It was at times I thought too much as sometimes I would feel their pain too much and want to jump in and 'save' them. But myself as a person,my excellent training in boundaries and promoting caring without crossing the line and so much more along with a genuine liking of people in general allowed me to do this what we called full time for 3 years.

 

We met the first time at the consumers pdoc or tdoc office for a rather fast introduction and after that we met only in public places; libraries, just on a park bench, restaurants. Meeting in the home was forbidden. If not for my acute decline in physical health which makes running around 5 days a week impossible, well, possible but I'm wiped out after I get to where I'm going, I'd still be a PSS.

 

It really is a huge, awesome compliment to be asked to be a PSS. Just by being asked they know you enough to trust you with other mental health consumers. It speaks volumes of you in the positive! Think about it and if you want to ask me anything of what my training and orientation included post or personal message me.

 

The boundary work is intense as they are legally responsible for you and make sure, DAMN SURE, you are good with boundaries. I also had to have both a state/local and federal criminal and sex offender background done which city mental health paid for, FINGER PRINTED at my local precinct and signed a paper that my finger prints will remain on file with the nyc dept of human services and nyc dept. of forensic investigative services forever!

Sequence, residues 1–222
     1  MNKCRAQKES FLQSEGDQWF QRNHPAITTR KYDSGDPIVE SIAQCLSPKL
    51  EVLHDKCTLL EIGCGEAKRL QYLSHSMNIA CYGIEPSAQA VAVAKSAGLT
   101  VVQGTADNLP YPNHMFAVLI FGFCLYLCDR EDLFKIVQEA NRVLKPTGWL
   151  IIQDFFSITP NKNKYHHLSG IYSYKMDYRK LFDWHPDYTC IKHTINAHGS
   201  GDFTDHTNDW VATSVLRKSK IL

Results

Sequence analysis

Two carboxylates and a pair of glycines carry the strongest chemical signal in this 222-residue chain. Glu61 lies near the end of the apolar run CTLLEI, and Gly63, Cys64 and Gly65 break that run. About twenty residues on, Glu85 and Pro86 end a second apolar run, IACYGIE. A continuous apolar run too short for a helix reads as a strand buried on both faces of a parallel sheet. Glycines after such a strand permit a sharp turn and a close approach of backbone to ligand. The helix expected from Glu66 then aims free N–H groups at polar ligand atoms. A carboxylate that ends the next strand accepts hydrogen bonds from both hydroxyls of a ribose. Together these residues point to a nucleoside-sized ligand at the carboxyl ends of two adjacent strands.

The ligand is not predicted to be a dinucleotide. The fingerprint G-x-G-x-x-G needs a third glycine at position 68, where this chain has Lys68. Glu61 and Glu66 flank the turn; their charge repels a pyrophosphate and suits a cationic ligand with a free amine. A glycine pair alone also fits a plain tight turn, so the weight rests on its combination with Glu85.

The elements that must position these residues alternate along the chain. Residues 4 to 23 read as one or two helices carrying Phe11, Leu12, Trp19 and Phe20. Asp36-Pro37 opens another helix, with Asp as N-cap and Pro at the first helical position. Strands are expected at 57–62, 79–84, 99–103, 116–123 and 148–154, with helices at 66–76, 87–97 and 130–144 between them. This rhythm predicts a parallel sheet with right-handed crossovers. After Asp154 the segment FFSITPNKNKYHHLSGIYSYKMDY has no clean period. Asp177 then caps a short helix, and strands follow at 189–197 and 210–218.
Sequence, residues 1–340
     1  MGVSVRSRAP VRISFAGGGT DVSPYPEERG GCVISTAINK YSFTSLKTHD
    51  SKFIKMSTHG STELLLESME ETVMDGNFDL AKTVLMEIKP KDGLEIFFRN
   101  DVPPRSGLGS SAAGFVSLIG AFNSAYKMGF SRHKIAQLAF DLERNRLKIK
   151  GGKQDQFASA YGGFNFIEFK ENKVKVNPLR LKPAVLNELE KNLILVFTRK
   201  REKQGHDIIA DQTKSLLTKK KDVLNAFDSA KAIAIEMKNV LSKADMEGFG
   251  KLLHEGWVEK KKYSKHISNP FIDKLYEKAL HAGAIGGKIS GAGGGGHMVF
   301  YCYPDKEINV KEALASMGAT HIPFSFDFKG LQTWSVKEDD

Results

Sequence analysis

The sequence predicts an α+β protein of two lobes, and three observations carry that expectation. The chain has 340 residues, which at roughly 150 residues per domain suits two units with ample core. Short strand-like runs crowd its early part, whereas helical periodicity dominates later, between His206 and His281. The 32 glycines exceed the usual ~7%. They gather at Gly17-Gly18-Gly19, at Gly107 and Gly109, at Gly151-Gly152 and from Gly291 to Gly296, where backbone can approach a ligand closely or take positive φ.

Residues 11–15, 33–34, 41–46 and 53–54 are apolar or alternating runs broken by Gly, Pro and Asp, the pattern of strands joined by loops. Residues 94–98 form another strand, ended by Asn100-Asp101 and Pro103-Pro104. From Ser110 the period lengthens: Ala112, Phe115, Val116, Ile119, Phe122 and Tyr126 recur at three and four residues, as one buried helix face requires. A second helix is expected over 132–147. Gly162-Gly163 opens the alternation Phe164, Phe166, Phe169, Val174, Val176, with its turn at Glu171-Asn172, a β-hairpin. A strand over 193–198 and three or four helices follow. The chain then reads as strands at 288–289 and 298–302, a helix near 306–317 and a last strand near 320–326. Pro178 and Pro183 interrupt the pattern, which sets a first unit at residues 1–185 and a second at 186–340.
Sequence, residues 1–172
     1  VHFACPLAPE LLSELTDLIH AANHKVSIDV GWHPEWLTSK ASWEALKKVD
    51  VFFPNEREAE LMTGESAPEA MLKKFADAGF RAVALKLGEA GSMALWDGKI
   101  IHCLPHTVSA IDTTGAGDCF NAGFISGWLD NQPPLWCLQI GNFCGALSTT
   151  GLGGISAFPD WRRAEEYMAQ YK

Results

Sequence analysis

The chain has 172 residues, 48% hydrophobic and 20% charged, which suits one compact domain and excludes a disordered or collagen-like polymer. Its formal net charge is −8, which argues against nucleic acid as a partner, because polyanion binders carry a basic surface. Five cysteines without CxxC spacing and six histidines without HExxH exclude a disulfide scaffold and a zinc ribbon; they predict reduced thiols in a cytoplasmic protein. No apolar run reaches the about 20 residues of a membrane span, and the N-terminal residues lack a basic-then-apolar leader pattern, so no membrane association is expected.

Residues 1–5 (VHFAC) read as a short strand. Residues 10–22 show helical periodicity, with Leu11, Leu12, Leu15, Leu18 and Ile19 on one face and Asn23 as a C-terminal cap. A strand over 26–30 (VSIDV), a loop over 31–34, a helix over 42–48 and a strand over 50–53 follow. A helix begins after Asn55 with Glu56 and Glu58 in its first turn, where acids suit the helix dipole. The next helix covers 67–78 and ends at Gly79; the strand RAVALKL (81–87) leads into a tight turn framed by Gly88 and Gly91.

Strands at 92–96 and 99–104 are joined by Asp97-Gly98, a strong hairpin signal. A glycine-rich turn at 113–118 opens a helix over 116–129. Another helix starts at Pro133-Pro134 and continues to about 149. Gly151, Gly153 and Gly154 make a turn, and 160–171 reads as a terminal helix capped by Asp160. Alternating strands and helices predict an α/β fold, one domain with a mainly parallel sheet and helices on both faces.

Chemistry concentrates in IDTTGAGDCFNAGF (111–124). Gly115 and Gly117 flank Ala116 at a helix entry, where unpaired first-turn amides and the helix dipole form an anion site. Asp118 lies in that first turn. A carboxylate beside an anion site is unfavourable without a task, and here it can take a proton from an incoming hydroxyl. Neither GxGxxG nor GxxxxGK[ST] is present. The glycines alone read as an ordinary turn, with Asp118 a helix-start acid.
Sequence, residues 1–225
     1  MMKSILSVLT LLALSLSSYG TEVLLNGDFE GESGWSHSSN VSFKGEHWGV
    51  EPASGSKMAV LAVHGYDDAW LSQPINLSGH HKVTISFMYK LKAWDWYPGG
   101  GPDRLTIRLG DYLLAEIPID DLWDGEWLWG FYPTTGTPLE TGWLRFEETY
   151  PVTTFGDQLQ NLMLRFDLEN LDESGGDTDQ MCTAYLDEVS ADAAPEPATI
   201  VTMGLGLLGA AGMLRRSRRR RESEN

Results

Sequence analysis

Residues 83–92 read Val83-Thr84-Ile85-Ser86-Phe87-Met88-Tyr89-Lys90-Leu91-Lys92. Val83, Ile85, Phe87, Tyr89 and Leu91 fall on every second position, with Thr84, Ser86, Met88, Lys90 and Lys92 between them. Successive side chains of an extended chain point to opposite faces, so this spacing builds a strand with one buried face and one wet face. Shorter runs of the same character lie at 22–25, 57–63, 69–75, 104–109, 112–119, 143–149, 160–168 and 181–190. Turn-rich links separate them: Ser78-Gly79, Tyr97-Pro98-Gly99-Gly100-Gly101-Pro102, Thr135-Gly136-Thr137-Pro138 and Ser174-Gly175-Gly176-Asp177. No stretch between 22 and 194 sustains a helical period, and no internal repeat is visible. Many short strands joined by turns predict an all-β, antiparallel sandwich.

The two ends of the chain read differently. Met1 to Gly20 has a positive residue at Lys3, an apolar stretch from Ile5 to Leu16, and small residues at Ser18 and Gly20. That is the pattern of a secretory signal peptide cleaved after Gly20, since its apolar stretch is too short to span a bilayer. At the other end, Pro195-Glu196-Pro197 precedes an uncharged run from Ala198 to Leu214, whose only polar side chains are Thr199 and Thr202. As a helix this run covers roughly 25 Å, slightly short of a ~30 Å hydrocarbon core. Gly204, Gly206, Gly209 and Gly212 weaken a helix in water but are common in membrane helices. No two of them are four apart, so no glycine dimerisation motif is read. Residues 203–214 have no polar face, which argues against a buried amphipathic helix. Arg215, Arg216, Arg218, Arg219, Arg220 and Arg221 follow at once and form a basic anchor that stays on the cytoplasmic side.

I'd say go for it as if you were asked it's because they see it in you. It certainly is a huge compliment for sure as very, very few are asked. The few, the proud, the PSS!!!

Edited by Brian803
Link to comment
Share on other sites

Aww thanks guys. :) Well I just want to mention that I am not given the job she just said it would be a good thing to consider. But still, I am so happy she thought I could do it. I am going to apply for any positions that become available in the NHS. But there are hardly any in London unfortunately :(

Link to comment
Share on other sites

I went to see my pdoc two days ago for the final time as I have finally been discharged back to my GP. Not sure if I mentioned that. My CPN was off sick so another CPN came in when I went to meet my pdoc. We talked when the pdoc left and she adviced me to become a peer support worker. I thought that sounds amazing! :) But I do have difficulties accepting my diagnosis I am not sure if I am capable enough to help others out. What do you think? Would you be interested in this type of thing?

 

wow! i was just talking about this in chat as i got encouraged to do it as a volunteer (and someone else mentioned considering it as well)...and i just saw the coincidence thread and what a perfect example this is... ;-)

 

anyway, i've really thought about it as i, too, would love to be able to help others and have of the same concerns it sounds like you have.  i think you're capable :-)

 

i do fear that my history of treatment non compliance/discontinuation/anosognosia/etc will be prohibitive for me.  i'm such a piss poor "example" to be setting, i fear. and if i do it again, will i create more harm than good for others? i don't know. right now i'm on depot injections and that's not likely to end and maybe offers some amount of hope that i won't fumble yet again.